The reasoning component of DAReN incorporates a relational structure to infer the abstract relationship on the attribute for images in . The input to our reasoning module is the disentangled latent variables of and . We prepare possible last rows by placing each choice image in at the missing location . Given , it is known that the correct image will satisfy in the last row, where is already true for the top rows. To determine the correct choice, we contrast the values at index in by computing the variance over all images at row . Using the above step, we compute the variance for all rows that includes all probable last rows. Additionally, we append a positional encoding at the end of each row wise variance computed above. In the next step, we concatenate the variance in latent variables for the top rows along with each possible last row to prepare choice vectors (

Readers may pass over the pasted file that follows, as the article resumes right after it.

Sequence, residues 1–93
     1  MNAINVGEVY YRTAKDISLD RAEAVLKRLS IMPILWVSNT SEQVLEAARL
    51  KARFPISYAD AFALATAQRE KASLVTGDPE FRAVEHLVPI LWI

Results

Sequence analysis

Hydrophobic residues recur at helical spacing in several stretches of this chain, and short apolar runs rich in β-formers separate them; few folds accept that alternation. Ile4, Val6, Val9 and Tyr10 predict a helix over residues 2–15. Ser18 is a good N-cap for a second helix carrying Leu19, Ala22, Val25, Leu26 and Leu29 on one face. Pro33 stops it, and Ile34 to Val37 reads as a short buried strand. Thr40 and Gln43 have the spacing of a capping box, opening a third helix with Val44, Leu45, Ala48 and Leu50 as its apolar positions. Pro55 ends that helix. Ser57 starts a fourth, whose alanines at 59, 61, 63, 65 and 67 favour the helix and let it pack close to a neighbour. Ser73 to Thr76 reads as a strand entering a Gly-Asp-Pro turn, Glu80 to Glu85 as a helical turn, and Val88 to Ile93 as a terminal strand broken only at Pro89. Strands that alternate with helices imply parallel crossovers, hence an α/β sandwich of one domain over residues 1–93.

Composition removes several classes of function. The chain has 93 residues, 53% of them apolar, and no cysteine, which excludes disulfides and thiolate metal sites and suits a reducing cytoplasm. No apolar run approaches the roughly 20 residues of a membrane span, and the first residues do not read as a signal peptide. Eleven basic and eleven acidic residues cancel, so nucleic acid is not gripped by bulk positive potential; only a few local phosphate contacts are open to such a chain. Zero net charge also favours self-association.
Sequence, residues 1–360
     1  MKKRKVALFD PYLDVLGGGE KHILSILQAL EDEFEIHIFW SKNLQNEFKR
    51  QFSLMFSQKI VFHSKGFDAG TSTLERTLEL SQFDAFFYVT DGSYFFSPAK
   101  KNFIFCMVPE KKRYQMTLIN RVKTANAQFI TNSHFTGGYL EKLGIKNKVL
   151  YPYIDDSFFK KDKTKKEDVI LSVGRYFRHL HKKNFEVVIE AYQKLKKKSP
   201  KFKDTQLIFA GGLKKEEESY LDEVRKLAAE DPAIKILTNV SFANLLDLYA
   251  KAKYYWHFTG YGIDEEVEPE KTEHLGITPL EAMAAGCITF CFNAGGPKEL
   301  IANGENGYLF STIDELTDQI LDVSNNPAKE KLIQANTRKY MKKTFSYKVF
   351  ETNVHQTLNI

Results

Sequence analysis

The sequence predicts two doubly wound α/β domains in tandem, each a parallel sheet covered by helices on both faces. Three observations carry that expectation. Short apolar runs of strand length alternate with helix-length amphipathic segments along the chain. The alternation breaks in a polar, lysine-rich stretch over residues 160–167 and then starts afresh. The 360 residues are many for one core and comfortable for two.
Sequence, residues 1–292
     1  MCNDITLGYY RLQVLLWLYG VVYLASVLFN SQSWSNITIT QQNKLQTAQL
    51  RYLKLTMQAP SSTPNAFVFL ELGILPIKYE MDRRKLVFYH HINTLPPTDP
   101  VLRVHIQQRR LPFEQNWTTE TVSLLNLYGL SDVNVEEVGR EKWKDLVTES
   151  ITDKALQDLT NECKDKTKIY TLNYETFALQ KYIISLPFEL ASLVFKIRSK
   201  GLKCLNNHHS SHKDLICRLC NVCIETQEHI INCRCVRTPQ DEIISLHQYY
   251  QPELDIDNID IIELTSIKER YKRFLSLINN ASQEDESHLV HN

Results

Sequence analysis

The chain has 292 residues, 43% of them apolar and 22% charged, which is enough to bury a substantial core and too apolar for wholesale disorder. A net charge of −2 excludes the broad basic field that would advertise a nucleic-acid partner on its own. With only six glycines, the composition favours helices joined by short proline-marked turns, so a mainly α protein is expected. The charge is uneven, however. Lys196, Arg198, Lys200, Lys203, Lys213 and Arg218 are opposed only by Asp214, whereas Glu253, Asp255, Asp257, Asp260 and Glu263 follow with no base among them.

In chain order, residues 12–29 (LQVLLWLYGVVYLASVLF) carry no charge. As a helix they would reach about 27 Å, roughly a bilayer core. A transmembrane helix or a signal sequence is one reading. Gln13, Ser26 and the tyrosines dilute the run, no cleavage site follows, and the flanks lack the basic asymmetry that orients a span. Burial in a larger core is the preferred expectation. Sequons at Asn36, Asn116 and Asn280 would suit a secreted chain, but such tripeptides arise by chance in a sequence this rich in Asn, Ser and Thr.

). Finally, we train a basic threelayered MLP to process each choice vectors from above to produce a logit vector of size
. The choice with the highest score is selected as the correct answer. We train the reasoning model using CrossEntropy loss.4 Experiments
4.1 Datasets
We study the performance of DAReN on six datasets  (i) dsprites matthey2017dsprites, (ii) modified dSprites van2019disentangled, (iii) shapes3d kim2018disentangling, (ivvi) MPI3D  (Real, Realistic, Toy) gondal2019transfer. We use similar experimental settings as proposed in van2019disentangled to create RPM for the above datasets. Please see Appendix for the description of the datasets and the details on the preparation of the RPMs. We compare our results in both the reasoning accuracy and the disentanglement scores against the SOTA methods. For both categories, we show that our model outperforms SOTA approaches.